The forest bioenergy sector is developing rapidly across Canada, and great efforts are being devoted to the development of new technologies for converting forest biomass to energy.
May 27, 2009 By Evelyne Thiffault
The forest bioenergy sector is developing rapidly across Canada, and great efforts are being devoted to the development of new technologies for converting forest biomass to energy. Wood waste from industrial processing is currently the major feedstock, but consideration is increasingly being given to harvesting slash. This “waste” is currently either piled at roadside in the case of whole-tree harvesting, or left in the stand in cut-to-length (CTL or stem-only) operations.
|Is this too much? A forest in southern Finland picked clean, stumps and all. How much to remove, and where is the topic of this regular column.
The harvest waste is a low-hanging fruit for the bioenergy sector, since it does not compete with existing industries. However, while we are getting better every day at the economics and the engineering of taking out the slash, as seen for example with Cyclofor in the last Canadian Biomass issue, it is relevant, and not just for (potentially) obnoxious forest ecologists like myself, to wonder whether increased extraction of biomass from the forest is ecologically sustainable. This “‘waste” may in fact play a crucial role for the functioning of the forest ecosystem.
Bad news first
Historically, stem-only harvesting was typical in much of Canada, with trees manually felled, the stem delimbed where it fell, and branches and tops left behind. The stem was then hauled to the roadside using horses or oxen. The introduction of line skidders in the 1960s increased harvest productivity because stems could be hauled more efficiently. In the 1970s and 1980s, however, safety issues related to manual delimbing and a shortage of forest workers forced many forest companies to move to whole-tree harvesting. This was done by mechanizing delimbing using a slasher at the roadside. Although the more recent introduction of harvesters with efficient harvesting heads to delimb, buck and sort on site, as well as the use of forwarders, has increased the popularity of CTL operations in the 1990s, whole-tree harvesting remains the most common practice in large parts of Canada, and one that may expand with the development of a market for slash.
Given the length of forest rotations under Canadian climatic conditions, whole tree removal is still fairly new. We may not have observed the full consequences of this practice on forest productivity yet. So, while this may sound overly dramatic, we may have caused unintended negative impacts on the functioning of the ecosystem, impacts that will appear before our eyes only in upcoming decades. Or maybe not. Still, here it is worth recalling that the whole idea of forest biomass for bioenergy being “carbon-neutral”, as opposed to fossil fuels, assumes that the harvested stands will actually grow back and be as well-stocked and productive as they were before harvesting. If there’s a risk that increased biomass removal damages the ecosystem and hinders tree growth and carbon sequestration in future rotations, biomass utilization may not be so ‘neutral’ after all.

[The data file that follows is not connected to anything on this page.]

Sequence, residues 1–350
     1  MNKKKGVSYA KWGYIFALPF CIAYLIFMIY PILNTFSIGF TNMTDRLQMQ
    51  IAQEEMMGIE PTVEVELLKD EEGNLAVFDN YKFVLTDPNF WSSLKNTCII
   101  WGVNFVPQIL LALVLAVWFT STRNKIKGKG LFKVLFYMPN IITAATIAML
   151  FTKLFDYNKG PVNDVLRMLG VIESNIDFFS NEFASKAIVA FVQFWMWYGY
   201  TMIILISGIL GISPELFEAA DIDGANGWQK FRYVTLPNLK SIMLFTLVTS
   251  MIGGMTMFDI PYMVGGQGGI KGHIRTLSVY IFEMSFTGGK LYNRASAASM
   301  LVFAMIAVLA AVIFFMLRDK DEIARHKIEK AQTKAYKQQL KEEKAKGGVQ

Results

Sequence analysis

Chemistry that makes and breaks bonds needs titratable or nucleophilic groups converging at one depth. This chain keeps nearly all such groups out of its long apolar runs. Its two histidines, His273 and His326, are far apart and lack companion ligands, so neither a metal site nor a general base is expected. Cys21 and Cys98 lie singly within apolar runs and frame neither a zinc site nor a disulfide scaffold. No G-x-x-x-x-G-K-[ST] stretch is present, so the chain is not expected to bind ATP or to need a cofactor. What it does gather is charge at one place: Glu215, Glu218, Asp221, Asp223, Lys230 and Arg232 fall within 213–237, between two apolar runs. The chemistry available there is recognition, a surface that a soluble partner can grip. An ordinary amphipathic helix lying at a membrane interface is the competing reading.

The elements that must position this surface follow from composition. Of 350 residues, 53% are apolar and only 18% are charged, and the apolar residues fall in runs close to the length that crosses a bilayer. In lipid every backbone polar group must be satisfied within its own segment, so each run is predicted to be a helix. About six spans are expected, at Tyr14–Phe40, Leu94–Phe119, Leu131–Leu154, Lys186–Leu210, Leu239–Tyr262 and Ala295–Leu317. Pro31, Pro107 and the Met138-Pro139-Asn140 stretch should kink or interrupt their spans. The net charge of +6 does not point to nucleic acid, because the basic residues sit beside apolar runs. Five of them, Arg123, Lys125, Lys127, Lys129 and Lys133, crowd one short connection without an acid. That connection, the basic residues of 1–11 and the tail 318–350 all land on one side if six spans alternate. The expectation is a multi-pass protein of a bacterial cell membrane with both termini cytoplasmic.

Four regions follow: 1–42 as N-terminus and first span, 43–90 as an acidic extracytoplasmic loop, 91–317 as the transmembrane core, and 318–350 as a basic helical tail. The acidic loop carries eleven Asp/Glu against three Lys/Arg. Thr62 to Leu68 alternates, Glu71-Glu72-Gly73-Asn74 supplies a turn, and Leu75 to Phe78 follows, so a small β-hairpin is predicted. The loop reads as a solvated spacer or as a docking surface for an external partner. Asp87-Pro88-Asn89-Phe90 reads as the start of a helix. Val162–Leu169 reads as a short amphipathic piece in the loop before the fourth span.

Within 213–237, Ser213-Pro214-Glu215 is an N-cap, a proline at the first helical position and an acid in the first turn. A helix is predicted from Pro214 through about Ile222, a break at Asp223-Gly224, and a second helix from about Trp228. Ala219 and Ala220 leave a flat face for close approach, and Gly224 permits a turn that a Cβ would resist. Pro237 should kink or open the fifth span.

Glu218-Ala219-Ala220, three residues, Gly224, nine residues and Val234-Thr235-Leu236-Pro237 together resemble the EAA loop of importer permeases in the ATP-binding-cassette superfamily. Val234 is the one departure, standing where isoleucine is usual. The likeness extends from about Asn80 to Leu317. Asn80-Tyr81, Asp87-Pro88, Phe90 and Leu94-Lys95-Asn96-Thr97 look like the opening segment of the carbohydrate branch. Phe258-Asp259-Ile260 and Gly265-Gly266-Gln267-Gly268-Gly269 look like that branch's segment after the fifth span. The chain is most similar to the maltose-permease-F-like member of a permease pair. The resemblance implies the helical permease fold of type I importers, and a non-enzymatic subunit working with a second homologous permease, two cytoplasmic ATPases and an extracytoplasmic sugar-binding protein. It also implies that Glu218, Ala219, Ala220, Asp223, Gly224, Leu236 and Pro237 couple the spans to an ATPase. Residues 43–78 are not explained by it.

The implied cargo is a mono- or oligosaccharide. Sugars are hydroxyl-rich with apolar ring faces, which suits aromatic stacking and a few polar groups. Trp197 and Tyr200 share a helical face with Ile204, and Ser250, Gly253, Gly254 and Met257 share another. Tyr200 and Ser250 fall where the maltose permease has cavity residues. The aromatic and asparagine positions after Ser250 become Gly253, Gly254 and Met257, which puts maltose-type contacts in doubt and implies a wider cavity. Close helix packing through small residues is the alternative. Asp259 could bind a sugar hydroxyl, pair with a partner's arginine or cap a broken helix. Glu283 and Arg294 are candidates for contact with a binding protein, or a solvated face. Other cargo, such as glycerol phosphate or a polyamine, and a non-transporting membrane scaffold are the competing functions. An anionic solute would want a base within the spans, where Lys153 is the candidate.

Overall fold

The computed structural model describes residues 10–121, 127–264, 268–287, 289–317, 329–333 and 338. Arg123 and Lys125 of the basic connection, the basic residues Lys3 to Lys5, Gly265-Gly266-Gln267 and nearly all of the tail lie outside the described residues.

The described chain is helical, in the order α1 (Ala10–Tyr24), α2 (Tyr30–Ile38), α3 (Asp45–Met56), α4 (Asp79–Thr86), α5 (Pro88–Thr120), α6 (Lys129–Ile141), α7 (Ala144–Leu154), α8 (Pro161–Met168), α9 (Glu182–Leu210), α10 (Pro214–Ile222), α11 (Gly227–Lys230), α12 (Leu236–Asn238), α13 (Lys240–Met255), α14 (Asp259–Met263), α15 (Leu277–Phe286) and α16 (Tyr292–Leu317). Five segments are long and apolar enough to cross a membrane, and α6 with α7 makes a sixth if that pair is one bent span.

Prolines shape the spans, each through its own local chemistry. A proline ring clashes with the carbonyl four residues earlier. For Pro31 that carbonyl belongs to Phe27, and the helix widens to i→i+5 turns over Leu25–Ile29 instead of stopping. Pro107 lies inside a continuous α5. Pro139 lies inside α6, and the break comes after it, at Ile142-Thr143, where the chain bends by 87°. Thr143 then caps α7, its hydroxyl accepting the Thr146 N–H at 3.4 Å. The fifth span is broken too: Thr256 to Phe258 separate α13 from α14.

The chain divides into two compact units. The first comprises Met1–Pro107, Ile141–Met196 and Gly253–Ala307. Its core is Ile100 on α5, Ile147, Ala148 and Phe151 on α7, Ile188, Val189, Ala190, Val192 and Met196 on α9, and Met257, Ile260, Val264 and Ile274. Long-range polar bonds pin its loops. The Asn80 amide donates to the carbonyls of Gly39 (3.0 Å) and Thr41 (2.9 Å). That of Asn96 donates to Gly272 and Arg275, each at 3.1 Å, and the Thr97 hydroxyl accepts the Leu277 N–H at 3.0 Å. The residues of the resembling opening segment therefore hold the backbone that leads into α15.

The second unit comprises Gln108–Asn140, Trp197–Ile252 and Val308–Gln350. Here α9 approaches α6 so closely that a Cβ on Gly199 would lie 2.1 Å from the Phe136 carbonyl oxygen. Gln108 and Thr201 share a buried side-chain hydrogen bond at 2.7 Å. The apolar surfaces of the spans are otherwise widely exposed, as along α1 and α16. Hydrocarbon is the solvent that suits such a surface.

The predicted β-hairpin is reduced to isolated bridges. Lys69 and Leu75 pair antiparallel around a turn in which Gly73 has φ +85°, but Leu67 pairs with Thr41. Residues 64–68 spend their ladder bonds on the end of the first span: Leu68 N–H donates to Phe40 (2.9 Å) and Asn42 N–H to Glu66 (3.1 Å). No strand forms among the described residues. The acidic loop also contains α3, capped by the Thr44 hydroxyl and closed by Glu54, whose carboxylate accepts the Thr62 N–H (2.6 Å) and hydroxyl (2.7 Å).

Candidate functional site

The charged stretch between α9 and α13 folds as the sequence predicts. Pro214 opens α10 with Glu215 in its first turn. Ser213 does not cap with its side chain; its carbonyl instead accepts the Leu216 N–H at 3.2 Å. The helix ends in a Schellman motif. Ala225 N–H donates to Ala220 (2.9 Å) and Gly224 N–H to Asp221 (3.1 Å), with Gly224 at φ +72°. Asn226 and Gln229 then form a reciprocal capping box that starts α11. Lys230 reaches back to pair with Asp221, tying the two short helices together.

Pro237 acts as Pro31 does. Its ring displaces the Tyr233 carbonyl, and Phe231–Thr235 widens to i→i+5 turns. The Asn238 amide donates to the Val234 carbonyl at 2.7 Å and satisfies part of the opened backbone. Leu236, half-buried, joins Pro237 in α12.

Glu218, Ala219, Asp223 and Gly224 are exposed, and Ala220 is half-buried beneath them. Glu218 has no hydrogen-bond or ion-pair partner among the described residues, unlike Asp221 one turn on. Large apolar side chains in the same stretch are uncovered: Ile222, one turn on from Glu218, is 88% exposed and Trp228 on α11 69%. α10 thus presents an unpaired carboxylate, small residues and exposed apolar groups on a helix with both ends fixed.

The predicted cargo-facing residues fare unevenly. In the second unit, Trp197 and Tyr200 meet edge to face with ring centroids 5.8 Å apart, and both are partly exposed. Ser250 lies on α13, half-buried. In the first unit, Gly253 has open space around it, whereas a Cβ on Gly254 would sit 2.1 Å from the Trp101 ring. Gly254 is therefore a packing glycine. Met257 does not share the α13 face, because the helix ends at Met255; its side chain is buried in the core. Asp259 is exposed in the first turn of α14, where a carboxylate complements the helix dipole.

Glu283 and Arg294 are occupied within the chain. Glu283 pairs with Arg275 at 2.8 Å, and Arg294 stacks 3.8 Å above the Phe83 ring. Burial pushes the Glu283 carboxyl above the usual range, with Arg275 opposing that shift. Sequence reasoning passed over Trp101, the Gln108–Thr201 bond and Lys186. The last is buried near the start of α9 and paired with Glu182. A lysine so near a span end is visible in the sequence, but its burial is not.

Now the good news
In Canada, concerns about the sustainability of intensive biomass removal were first voiced in the 1970s, when the oil crisis pushed prices of fossil fuels to record levels, and alternative sources of energy such as harvest slash were considered. Some studies were launched to investigate the impact of slash removal, and the Canadian Forest Service financed over many years the Energy from the Forest program (ENFOR), a part of which was aimed at developing tools to define sustainable levels of organic matter and nutrient removal. So we already have a moderately abundant ecological knowledge, from our Canadian research base and also from research done in countries with similar forest and climatic conditions. We know that in most cases, whole-tree harvesting slightly acidifies the soil and reduces soil nutrient reserves, especially calcium. We also know that for some site conditions and some tree species, it reduces tree productivity.
Why is this good news? By knowing which sites and species are sensitive to intensive biomass removal, we can avoid it in these areas. At the same time we can be a little more confident that this practice is probably sustainable for the remaining sites and species.
Of course, scientific knowledge is still incomplete. But the other good news is that the Canadian bioenergy sector is still nascent; although whole-tree harvesting is common, we are not yet intentionally chasing every twig and branch on a large scale in our forest to feed this industry. There is thus plenty of space to develop our understanding of ecological impacts, for example by establishing legacy field trials comparing the effects of different intensities of biomass removal on various ecosystem processes over different sites. This information can then be used to adjust the list of ‘no-go’ sites as new data accumulate. This way the expansion of our bioenergy industry can be tailored to fit the ecological sustainability of forest ecosystems, always to the best of our knowledge.
Of course, this is all easier said then done. But as they say, knowledge is power. That’s why in future columns we will discuss various issues related to the sustainability of forest biomass harvesting, and also have a look of what’s being done in other countries to tackle these issues. This will hopefully help draw the lines in grey areas, despite the uncertainties.
Evelyne Thiffault of Natural Resources Canada writes this regular column on the sustainability of biomass harvesting for Canadian Biomass on behalf of the Canadian Research Group on Ecosystem Sustainability.
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